That "failing" and "fake news" organ The New York Times had as its lead story in the Sunday edition of August 19, 2018, that the White House counsel, Donald F. McGahn II, had never been asked by Trump's team of lawyers to give a full accounting of his testimony to Mueller's investigators. The potential consequences of this omission have caused consternation among Trump's lawyers.
Why are they so concerned? In the first place, the first team had not invoked attorney-client privilege before McGahn testified. Secondly, McGahn was almost certainly mindful of the historical example of former White House Counsel John Dean, who served time after Watergate. Even more unsettling for the Trump team was the fact that when he testified McGahn believed that Trump might well have chosen him to be the fall guy in any obstruction of justice case relating to firing Comey as head of the FBI. The result was that McGahn cooperated fully with Mueller's investigators. How fully is fully? Would you believe testifying on at least three occasions for a total of more than thirty hours?
Now, endowed with the wisdom of hindsight, Trump's second team of attorneys is frantically performing damage control.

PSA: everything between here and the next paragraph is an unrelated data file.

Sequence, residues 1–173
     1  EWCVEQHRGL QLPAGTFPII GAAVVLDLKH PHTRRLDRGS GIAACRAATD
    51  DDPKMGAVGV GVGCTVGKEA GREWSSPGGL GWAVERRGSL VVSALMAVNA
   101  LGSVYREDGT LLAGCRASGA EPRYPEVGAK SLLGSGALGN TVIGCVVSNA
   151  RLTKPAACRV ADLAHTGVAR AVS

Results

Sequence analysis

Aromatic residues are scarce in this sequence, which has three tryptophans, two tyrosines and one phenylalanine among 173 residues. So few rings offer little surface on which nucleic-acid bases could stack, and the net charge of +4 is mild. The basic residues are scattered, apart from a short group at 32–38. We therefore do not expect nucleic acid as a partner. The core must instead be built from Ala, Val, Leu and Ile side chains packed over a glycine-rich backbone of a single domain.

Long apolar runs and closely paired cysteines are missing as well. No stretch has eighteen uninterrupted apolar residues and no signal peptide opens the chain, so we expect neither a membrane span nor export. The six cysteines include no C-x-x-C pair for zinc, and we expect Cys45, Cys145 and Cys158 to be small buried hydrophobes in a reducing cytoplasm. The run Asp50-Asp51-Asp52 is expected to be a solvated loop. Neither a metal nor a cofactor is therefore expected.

How well is this damage control working? Judging by that razor-sharp spokesman Rudolph Giuliani's performance on NBC's Meet the Press that same day on August 19th, not too well. In fact, Giuliani appears to have become untethered to any known reality. It's surreal.
Speaking to his concern that Trump not be "rushed" into testifying and thus get "trapped into perjury," Giuliani declared that any statements made by the president in such an interview would not be true: "It's somebody's version of the truth, not the truth."
"Truth is truth," Chuck Todd, the show's host, responded.
"No, it isn't truth," Giuliani replied, apparently forgetting that the person in question was Trump himself and not "somebody" else. And then comes Giuliani's kicker: "Truth isn't truth."
How long, O Lord, how long will this surreal farce continue?